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How bad is BREXIT for UK and EU?

Government officials across the European Union, are all making a concerted effort in figuring out, what they can do to attract businesses, to move from London.



How bad is BREXIT for UK and EU?

In light of recent events regarding Brexit, how will the UK leaving the EU affect European companies and businesses?

For some people in Britain as well as parts of the European Union, the general feeling towards the EU project can be possibly be summed up, more or less as that, the EU leaders continue to remain disconnected with the reality and fail to grasp the reality on the ground.  Some do argue that, by coming across as being acting elitist, the policy makers are destroying the competitiveness of European business.  The evidence is that, across industries, the cost of compliance for European companies has increased significantly year-on-year.  And instead of using BREXIT as an opportunity to fix a very inefficient system, the leaders keep talking in terms of rhetoric.

I firmly believe that no one in London wants EU to fail, and it shouldn’t because it has delivered peace across Europe. But the European Union as an idea is full of flaws, and just ask those, who paid and continue to pay the human price for being a European. My own assessment is that BREXIT isn’t good for the UK or the EU, and that’s the reality, but it’s also an opportunity. The European Union badly needs reform and it’s not that Europeans have started falling in love with Brussels post BREXIT.

As I see it, Britain is getting out of the European Union and not the continent of Europe. So let’s have that perspective. I don’t see the European Union working out in its current shape, and the four principles that EU leaders keep talking about, are completely unsustainable together because they create a serious misallocation of resources. There was no socioeconomic impact assessment done on the expansion of European Union, we all know what happens to a Company that goes through an expansion drive, without a well thought out strategy. So why not fix the flaws, and then sell the product wisely to the public, and let’s see if the potential customers buy into it?  No point lecturing people, if they reject your product or fail to understand what you are selling,  and providing a good customer service is key to making a product work.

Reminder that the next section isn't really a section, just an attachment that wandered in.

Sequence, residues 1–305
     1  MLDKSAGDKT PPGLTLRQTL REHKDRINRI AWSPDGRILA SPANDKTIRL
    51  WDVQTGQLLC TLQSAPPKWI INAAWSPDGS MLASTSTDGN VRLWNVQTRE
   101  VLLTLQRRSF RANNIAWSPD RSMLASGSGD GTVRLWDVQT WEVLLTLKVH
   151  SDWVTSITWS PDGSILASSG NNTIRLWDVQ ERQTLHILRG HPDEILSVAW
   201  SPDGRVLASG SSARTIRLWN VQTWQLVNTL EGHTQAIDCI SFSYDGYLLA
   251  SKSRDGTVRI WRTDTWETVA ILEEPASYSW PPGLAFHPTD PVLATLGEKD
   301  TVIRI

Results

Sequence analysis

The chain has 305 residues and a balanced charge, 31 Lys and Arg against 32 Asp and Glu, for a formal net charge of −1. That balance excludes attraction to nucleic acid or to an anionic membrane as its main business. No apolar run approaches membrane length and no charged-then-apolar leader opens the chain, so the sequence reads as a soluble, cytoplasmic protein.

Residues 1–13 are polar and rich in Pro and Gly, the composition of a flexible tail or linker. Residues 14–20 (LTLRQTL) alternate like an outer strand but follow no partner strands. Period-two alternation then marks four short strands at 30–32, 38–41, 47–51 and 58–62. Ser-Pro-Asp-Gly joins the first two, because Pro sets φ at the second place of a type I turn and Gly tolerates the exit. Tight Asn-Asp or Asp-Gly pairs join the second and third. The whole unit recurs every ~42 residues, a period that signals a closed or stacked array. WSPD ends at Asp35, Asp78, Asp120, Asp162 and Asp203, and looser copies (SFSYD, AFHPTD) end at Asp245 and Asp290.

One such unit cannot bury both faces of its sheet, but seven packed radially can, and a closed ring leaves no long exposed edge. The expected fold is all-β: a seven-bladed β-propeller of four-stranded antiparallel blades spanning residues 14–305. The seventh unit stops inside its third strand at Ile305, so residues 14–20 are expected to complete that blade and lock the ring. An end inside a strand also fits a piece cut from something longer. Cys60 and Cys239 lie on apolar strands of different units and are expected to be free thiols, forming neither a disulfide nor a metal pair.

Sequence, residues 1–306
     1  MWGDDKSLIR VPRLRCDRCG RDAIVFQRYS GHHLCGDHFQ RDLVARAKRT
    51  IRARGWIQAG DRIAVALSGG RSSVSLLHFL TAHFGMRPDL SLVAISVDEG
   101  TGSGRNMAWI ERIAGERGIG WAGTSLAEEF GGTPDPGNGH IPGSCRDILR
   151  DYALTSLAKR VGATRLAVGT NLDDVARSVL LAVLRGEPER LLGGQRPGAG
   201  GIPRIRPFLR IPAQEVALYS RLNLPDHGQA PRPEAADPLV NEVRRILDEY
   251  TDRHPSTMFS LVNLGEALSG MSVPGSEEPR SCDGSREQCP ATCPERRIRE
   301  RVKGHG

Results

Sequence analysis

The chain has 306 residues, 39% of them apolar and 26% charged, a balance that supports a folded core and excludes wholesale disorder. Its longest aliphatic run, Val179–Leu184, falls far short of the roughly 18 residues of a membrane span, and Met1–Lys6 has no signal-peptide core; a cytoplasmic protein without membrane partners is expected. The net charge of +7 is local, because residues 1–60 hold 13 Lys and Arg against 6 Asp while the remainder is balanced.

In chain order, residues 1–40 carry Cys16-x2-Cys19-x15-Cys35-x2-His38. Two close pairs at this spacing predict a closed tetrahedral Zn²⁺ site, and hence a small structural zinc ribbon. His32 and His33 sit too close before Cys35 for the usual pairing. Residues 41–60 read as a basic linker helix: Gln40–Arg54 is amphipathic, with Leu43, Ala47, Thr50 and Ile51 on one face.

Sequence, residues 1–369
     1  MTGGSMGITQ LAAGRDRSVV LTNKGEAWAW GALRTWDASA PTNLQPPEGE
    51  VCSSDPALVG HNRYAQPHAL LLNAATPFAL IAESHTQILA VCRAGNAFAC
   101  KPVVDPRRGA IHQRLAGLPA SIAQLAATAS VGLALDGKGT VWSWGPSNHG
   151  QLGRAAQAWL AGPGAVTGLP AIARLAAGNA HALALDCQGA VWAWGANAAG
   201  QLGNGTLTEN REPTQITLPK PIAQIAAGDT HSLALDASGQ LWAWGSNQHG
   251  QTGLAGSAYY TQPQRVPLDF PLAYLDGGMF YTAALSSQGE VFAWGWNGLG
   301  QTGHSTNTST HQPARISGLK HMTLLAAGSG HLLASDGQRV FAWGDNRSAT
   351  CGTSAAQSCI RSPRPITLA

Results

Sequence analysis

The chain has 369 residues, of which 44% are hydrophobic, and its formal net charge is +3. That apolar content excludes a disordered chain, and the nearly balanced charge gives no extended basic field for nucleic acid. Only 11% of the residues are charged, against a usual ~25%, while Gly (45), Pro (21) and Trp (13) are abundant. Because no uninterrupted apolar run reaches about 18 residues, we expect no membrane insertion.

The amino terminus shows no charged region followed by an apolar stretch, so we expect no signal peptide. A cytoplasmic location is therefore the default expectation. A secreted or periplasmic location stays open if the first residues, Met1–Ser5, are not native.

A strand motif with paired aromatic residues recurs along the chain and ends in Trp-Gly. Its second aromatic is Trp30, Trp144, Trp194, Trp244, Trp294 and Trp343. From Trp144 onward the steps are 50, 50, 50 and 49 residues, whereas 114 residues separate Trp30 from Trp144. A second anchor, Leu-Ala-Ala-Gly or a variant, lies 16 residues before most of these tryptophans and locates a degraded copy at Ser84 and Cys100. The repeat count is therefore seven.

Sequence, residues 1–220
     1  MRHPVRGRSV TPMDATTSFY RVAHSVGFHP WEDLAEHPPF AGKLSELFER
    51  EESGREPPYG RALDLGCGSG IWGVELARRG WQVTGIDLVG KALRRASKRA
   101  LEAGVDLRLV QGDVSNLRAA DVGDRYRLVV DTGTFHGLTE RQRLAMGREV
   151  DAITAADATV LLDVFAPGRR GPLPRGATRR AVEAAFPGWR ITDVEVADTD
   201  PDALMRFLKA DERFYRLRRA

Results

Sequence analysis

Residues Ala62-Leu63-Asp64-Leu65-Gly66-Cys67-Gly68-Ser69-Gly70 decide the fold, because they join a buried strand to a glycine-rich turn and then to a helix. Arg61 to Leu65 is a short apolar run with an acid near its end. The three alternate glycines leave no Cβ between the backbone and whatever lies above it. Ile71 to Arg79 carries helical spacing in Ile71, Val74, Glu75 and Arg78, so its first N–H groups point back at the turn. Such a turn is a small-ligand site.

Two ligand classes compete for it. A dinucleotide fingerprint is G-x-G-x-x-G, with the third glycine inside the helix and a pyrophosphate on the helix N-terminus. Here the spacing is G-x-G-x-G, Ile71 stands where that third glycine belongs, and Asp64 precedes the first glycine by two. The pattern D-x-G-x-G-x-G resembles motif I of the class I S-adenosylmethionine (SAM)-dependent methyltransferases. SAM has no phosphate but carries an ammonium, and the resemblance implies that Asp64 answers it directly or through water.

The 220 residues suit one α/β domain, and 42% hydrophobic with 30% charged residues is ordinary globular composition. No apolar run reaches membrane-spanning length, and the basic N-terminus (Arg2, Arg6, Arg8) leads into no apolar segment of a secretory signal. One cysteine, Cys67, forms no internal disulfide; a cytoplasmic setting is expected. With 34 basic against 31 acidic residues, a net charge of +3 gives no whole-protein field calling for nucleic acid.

The European Union as a product will need to evolve, and it will be good for European politicians to understand that, the language of business, as well as science, still remains English, and that’s not going to change in the foreseeable future. Also, London will continue to remain an attractive jurisdiction, and the world of finance will continue to be dominated by English. The opportunities are still out there, and I sincerely hope that politicians across Europe including the U.K. will come together, to make good of those opportunities, and maximize it for their shareholders, in other words, the common citizens.

Also to some extent, people in Britain fail to understand that, in continental Europe, there is a genuine love affair with the idea of European Union, and that is, for a number of reasons, which I won’t go into. So yes, like any love affair, the journey will be driven by emotion. And it’s not that, the average people don’t understand that, there are serious design flaws with the idea of European Union, but when you are in love, you are in love. And, I think, Britain will do well being mindful of this fact, while negotiating its exit from the EU. Also, on the British side, there are people who are extremely attached to the idea of Great Britain and its glory. So there are emotional attachments on both sides, and yes I fully appreciate that, the will of the people has to be enforced, and it should be, or what’s the point of a democratic system. But when we are talking about a permanent change, the prudent thing to do will be to keep the emotions aside and have a boringly dispassionate approach towards figuring out a way forward that works for all sides. No point being nasty, in the end, we will have to learn, to live with each other. Europe needs Britain and Britain needs Europe, it’s just a fact, and we shouldn’t be confused about it.